Only five years after St. Junípero Serra was canonized, statues of the Franciscan missionary have fallen like dominoes in the state of California. Protestors toppled Serra statues in San Francisco, Los Angeles and Sacramento in June, and more were removed in July.
Serra was a philosophy professor in Spain when he felt called at age 35 to evangelize in the Americas. He worked in Mexico and Baja California for 20 years before he was sent north in 1769. He then founded the first nine of 21 missions in present-day California, spanning from San Diego to San Francisco, before his death in 1784. This year marks the 250th anniversary of his mission headquarters, San Carlos de Borroméo in Carmel, where he is buried.
In St. Junípero’s time, the area was part of the Spanish empire, but modern-day protestors who view him as a symbol of colonial oppression of Native Americans are misreading and distorting history, explain the bishops of California.
“The historical truth is that Serra repeatedly pressed the Spanish authorities for better treatment of the Native American communities,” the California Catholic Conference of Bishops affirmed in a June 22 statement. “Serra was not simply a man of his times. In working with Native Americans, he was a man ahead of his times who made great sacrifices to defend and serve the Indigenous population and work against an oppression that extends far beyond the mission era.”
Several bishops further addressed St. Junípero’s life and legacy — and the movement to remove his statues — in articles and letters. The following are excerpts from three of their responses.
From “Statues of St. Junípero Serra Deserve to Stay” — The Washington Post, June 30:
TO THE PROTESTERS who tore down his statue in Los Angeles this month, the priest, friar and saint Junípero Serra represents “hate, bigotry and colonization,” as one activist put it. Nothing would have made Serra sadder, for the real man was a profound lover of all people and especially of the Indigenous peoples he came to serve.
Who, then, is Junípero Serra after all?
First and foremost, Serra represents the true spirit of a Church identified with the poor and outcast. He left his home, his family, his sinecure as a philosophy professor to offer the very best thing he had to the California people: the news that God himself loved them enough to send his only Son to die on a cross to redeem them. St. Junípero Serra is “the Apostle of California.” Serra repeatedly intervened for mercy on behalf of Indigenous rebels against Spanish authorities. He famously walked to Mexico City with a painful ulcerated leg to obtain the authority to discipline the military who were abusing the Indigenous people. Then he walked back. …
There is no denying that Native Americans in California endured grave human rights abuses. They suffered wrongs during all three eras: the Spanish colonization (known as the Mission era), the Mexican secularization and the American era. But Serra should not bear the weight of all that went wrong and all who did wrong. If we looked at him with clear eyes, we would see Serra as one of the first American champions of the human rights of Indigenous peoples, a man who protested abusive police powers by government authorities.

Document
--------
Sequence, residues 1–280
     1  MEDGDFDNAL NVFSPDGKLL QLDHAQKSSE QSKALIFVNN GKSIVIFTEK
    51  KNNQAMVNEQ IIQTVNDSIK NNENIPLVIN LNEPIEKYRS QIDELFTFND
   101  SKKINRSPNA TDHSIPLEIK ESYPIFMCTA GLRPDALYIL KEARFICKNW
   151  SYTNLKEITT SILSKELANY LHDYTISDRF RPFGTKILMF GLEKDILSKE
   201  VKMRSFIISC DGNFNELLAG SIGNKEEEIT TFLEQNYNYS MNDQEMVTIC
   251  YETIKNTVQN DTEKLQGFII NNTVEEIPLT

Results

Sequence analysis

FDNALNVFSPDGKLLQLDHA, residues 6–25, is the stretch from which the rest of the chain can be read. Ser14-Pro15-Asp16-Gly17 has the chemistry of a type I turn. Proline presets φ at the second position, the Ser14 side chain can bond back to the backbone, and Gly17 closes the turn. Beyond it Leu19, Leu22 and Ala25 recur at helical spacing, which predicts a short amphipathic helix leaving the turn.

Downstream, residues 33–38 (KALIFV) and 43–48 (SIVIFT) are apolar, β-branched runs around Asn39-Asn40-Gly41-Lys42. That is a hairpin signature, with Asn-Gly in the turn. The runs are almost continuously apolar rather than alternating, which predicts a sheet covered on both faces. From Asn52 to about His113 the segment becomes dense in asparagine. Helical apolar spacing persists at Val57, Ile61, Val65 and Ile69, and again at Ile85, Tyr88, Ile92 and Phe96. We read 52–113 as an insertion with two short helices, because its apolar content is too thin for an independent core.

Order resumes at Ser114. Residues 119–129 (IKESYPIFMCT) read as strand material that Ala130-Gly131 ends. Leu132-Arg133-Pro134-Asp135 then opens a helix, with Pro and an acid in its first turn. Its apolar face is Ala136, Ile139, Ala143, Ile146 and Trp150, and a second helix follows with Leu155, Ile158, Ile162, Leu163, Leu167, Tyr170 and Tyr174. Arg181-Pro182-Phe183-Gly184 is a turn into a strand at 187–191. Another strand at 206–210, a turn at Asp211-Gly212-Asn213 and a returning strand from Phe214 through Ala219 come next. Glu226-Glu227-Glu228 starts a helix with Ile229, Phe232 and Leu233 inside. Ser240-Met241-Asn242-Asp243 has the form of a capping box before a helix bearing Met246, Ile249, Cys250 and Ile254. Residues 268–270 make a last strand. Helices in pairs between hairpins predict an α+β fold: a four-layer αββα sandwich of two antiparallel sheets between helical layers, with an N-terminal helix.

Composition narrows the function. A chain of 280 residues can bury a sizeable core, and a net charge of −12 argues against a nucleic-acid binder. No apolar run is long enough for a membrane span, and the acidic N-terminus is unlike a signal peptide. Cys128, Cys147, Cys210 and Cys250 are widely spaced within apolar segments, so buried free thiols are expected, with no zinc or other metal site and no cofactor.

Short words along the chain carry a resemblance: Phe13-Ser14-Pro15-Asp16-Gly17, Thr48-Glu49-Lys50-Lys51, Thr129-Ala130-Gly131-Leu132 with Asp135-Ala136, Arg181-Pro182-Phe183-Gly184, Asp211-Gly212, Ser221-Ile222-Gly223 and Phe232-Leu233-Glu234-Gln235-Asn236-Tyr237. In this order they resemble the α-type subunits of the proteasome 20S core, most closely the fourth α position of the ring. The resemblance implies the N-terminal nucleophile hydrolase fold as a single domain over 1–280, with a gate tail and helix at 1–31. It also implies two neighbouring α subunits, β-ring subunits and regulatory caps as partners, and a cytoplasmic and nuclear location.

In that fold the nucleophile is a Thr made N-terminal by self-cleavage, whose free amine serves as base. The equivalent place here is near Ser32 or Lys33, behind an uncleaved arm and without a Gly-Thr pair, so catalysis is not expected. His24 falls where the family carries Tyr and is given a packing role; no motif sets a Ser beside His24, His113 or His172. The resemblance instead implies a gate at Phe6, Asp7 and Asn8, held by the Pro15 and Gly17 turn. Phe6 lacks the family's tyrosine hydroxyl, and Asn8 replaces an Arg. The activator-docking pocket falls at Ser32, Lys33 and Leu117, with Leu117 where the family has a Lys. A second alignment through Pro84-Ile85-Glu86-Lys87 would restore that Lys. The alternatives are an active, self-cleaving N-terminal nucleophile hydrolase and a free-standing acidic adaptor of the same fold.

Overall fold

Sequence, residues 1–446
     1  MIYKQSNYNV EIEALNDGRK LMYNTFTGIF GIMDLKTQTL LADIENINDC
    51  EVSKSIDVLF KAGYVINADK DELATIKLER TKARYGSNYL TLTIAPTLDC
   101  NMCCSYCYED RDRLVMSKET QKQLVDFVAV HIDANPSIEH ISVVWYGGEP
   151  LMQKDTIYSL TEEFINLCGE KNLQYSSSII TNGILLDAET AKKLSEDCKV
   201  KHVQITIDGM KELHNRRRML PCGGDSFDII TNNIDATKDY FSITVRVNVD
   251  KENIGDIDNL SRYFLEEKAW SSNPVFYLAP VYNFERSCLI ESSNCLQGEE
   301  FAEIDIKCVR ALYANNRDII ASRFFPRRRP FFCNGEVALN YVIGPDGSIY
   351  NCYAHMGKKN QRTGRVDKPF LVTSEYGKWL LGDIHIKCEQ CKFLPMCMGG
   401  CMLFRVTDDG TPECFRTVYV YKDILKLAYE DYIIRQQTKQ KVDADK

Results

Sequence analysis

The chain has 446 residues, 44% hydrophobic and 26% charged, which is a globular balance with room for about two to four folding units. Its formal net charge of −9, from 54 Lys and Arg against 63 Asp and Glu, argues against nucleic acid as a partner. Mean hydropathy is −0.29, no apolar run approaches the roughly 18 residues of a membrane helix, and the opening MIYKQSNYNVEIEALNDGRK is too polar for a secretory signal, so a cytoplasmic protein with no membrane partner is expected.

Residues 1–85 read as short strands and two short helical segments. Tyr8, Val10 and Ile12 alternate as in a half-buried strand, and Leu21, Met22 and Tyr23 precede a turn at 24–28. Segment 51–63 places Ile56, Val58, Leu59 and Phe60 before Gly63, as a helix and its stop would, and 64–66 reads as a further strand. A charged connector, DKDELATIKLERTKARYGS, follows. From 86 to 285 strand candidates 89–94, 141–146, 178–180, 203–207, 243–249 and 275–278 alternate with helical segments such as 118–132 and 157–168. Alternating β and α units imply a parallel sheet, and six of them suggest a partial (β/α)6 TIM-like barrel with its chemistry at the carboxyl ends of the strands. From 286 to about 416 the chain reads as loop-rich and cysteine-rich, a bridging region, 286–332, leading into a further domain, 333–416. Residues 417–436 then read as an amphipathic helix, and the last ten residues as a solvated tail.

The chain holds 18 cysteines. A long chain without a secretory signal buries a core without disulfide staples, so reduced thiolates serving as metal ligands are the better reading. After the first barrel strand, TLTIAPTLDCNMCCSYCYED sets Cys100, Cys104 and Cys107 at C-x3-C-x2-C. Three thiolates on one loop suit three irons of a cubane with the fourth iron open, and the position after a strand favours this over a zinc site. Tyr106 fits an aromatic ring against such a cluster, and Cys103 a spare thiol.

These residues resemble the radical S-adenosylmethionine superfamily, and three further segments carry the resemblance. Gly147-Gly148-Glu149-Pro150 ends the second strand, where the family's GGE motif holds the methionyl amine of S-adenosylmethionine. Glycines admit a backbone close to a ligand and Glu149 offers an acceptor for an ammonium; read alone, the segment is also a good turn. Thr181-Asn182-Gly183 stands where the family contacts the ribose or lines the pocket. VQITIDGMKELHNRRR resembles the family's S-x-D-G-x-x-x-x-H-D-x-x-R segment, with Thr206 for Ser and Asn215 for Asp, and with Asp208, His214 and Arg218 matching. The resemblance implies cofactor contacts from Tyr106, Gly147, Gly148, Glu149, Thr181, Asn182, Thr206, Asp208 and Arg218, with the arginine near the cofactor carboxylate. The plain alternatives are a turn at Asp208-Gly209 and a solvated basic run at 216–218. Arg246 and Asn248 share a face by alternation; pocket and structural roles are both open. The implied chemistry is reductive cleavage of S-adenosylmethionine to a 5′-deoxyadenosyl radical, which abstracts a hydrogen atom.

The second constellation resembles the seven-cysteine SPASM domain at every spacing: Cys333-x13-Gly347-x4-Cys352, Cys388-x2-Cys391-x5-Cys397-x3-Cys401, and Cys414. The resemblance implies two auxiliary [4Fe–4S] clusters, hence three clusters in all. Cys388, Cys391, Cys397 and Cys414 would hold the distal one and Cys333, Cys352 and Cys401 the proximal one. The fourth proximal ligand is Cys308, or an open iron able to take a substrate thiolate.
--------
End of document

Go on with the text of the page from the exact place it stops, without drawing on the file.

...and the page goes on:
— Archbishop Salvatore J. Cordileone of San Francisco
From “Letter to the faithful for the memorial of St. Junípero Serra” — June 29:
I UNDERSTAND the deep pain being expressed by some native peoples in California. But I also believe Fray Junípero is a saint for our times, the spiritual founder of Los Angeles, a champion of human rights, and this country’s first Hispanic saint. …
The sad truth is that, beginning decades ago, activists started “revising” history to make St. Junípero the focus of all the abuses committed against California’s Indigenous peoples. … It was California’s first governor who called for “a war of extermination” against the Indians and called in the U.S. Cavalry to help carry out his genocidal plans. That was in 1851. St. Junípero died in 1784.
The real St. Junípero fought a colonial system where natives were regarded as “barbarians” and “savages,” whose only value was to serve the appetites of the white man. For St. Junípero, this colonial ideology was a blasphemy against the God who has “created (all men and women) and redeemed them with the most precious blood of his Son.” …
St. Junípero came not to conquer; he came to be a brother. “We have all come here and remained here for the sole purpose of their well-being and salvation,” he once wrote. “And I believe everyone realizes we love them.” … St. Junípero was 60 years old when he traveled 2,000 miles from Carmel to Mexico City to protest the injustices of the colonial system and demand that authorities adopt a “bill of rights” that he had written for the native peoples. That was in 1773, three years before America’s founders declared this nation’s independence with those beautiful words: “all men are created equal … endowed by their Creator with certain unalienable rights.”